Ultimately, this should give us hope that no matter how unlikely or difficult the task may seem, with God’s help, anything is possible. Therefore, when God uses foolish things to confound the wise, it is ultimately for our benefit so that we can marvel at His brilliance and glory.
How Does God Use Foolish Things To Confound The Wise?
In the Bible, several stories illustrate how God uses foolish things to confound the wise. One of these is found in 1 Corinthians 1:26–27, as mentioned above. This passage clarifies that God chooses those who seem foolish or insignificant to accomplish His will because “no human being might boast in the presence of God.”
The story of Daniel and his three friends is another example of how God uses foolish things to confound the wise. When Nebuchadnezzar threatened to throw these four young men into a furnace if they did not worship an idol, they refused to comply and instead relied on God for their deliverance.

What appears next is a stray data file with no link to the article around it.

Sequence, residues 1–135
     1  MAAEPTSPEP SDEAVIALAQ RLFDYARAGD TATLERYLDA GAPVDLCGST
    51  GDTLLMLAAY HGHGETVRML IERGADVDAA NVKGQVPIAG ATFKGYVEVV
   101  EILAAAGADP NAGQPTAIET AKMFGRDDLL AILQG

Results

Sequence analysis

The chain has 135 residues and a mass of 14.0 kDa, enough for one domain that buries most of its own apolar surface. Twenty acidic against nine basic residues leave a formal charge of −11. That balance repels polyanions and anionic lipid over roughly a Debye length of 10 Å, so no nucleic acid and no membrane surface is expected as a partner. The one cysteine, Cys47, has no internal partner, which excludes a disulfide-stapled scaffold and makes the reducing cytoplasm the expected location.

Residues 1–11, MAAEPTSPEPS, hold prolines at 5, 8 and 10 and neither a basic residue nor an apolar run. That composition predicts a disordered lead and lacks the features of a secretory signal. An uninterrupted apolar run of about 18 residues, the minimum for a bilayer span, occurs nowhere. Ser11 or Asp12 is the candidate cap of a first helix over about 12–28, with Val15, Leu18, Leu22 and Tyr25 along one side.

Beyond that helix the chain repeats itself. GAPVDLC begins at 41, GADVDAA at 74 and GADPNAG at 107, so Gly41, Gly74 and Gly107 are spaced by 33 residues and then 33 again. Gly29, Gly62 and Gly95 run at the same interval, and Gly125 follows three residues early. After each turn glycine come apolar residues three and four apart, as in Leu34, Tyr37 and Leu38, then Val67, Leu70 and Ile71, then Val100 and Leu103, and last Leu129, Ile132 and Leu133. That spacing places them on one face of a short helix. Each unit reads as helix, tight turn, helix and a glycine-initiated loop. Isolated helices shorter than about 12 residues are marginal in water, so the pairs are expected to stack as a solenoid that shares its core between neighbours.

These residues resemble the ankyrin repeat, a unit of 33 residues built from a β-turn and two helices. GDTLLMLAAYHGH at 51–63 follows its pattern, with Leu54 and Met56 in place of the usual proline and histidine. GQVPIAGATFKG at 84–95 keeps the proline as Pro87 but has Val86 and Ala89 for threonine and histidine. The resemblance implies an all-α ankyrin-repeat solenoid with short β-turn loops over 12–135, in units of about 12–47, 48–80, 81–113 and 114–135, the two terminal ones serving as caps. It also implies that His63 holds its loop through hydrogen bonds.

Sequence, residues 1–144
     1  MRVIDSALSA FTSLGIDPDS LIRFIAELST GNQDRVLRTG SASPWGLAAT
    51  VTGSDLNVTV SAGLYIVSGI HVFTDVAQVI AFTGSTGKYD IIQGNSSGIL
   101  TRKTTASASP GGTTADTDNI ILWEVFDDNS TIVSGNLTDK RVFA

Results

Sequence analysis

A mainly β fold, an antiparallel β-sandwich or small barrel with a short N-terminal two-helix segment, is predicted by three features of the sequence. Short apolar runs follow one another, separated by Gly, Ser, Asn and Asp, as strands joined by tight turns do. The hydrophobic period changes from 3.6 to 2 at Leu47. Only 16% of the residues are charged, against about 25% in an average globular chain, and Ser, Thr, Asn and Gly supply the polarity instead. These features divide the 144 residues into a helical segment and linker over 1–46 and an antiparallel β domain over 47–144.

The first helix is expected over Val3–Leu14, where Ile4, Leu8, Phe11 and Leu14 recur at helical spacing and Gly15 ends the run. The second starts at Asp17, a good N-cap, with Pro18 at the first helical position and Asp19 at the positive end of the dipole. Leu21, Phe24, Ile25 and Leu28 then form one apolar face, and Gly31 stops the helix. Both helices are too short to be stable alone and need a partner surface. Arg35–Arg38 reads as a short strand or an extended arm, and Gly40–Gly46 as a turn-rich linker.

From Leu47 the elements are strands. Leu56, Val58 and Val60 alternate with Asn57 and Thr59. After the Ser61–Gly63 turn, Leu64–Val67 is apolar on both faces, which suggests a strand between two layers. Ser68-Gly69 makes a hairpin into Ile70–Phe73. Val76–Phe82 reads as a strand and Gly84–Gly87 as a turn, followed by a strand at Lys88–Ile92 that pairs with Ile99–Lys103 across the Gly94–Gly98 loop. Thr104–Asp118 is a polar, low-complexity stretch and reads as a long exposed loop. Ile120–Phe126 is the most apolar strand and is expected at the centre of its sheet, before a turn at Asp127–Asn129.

As it turned out, their trust was well-placed; God saved them from the furnace, and they emerged unscathed. In this story, God used these four young men’s faith to confound Nebuchadnezzar and show He is all-powerful.
The same can be said for Gideon in the book of Judges. After being commanded by the angel of the Lord to lead the Israelites into battle against the Midianites, Gideon was understandably fearful. However, God assured him that He would be with him and gave him a small but mighty army of 300 men to fight against thousands. As it turned out, Gideon’s faith and reliance on God were enough to defeat the Midianites, and God used this small army to confound the wise.
3 Reasons God Uses Fools To Confound The Wise